Imagine this: you're in an old wooden ballpark where the action is so near at hand you can sometimes hear the batter talking to the umpire. If someone tries to start a wave, the fans in the next section generally have the taste to let it die. The players exert themselves ceaselessly, sprinting toward first on every routine pop-up, chasing every impossible foul fly. After the game, the players linger behind the dugout and greet the kids in the park with autographs and pats on the head.
If this is your idea of baseball heaven, you ought to visit Wahconah Park, in Pittsfield, Mass., where I watch as many as 30 games every summer. There you will see why I would rather attend a Class A New York-Penn League game between the Pittsfield Mets and the Oneonta Yankees than a World Series game between their big league brothers. At Wahconah, you get your baseball pure.
You say the quality of the play on display there isn't good? Well, maybe you can tell the difference between A ball and the big league variety if you are a pro scout, but I can't, and I used to watch baseball games for a living. Nine plays out of 10 are as crisp as any you see in the majors. And anyone who has ever paid big league prices to see Juan Samuel play centerfield or Craig Biggio try to throw out a base stealer really shouldn't cast stones.
Nor should you dismiss what happens on the field as unimportant. What goes on at Wahconah may not determine who will win the National League East this year, but I know few baseball thrills greater than seeing a distinguished career at the moment of its birth. Chicago Cub fans may feel they own Mark Grace, but my family and I know he really belongs to us. Three seasons ago, when Pittsfield was still a Cub farm team, we watched Grace find his bearings at Wahconah, as he developed the grooved swing that took him to the National League playoffs last year. We knew him "when," just as we knew Rafael Palmeiro, Cory Snyder and a host of other kids who became major league standouts. Only a few weeks ago, I saw a Pittsfield speedster named Eric Thornton tear down the first base line on a dropped third strike, beat the throw and make it possible for the next batter to hit a game-winning home run. Thornton will leave Wahconah soon, but my memory of him won't.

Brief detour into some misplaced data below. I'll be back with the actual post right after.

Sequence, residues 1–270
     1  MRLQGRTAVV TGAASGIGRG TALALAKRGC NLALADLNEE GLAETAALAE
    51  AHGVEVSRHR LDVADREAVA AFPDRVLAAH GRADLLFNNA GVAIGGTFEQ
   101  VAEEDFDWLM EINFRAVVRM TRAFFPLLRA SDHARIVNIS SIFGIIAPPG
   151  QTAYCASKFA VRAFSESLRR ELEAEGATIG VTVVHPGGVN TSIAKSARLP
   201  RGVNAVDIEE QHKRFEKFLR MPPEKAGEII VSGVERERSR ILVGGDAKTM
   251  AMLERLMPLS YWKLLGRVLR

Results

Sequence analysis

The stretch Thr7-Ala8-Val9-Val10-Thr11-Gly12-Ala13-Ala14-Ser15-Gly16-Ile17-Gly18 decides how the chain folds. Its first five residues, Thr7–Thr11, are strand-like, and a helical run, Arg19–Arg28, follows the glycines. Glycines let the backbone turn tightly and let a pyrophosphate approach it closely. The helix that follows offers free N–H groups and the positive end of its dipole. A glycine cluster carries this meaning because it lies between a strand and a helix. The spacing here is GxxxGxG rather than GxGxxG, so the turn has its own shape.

July 22, 1990
The joys of the minors aren't confined to the playing field either. Wahconah, like many minor league parks, is a cozy structure that entertains by its very presence. Effigies of owls dangle from the grandstand overhang, scaring away pigeons and amusing the kids below. Few moments have given me more pleasure than the day in 1989 when the owners took down a temporary outfield fence and returned straightaway right to its former glory: a chasm 430 feet from home plate, jutting improbably out from a 330-foot foul line and veering back in to a 374-foot center. And what a fence! For those of us who never saw the advertising signs on the walls of Ebbets Field, Wahconah more than makes up for that deprivation. Who could resist the sign that proclaims the Berkshire Medical Center as THE OFFICIAL HOSPITAL OF THE PITTSFIELD METS?
But the greatest pleasures of being a fan at Wahconah are the human ones. In scores of games there, I have never heard an obscene chant, and flagrant drunkenness is virtually unknown. The loudest voice in the stands belongs to Jose, an engaging denizen of the third base seats who employs his booming baritone to invite visiting Latin players to his house for dinner. Or catch the act of the guy who lives in the house beyond the wall behind the bleachers down the rightfield line. Twice I have seen him climb onto a truck in his yard and, one by one, throw 50 or 60 balls onto the field—the same balls that for weeks had been popping his windows and tattooing his roof.
And though the women who hang around Wahconah don't look anything like Susan Sarandon did in Bull Durham, they are just as appealing. Take Ellen, who acts as a sort of den mother (rooms for rent, hot meals, uniform mending) to the 19-and 20-year-olds who find themselves in western Massachusetts for the summer. Ellen attends every game, and because she sits in the same section we do, she has become our friend. Each year, my family says goodbye to her at the end of the season, and we greet each other the following Opening Day as if we were relatives, catching up on the news of the cold months past. I find it hard to imagine developing such a relationship with the people in the next row at Yankee Stadium.
I don't know any other minor league parks nearly as well as I know Wahconah, but those I have visited all have some of the same charm, the same intimacy, the same innocence. Try visiting one someday, and if Wahconah's your choice, look for me: I'm the guy with his wife and kids about eight rows up from the home team's on-deck circle. I could say that you will know us from the blissful smiles on our faces, but then everyone else at Wahconah looks that way too.
Daniel Okrent, a "Life" contributing editor, has written three books on baseball.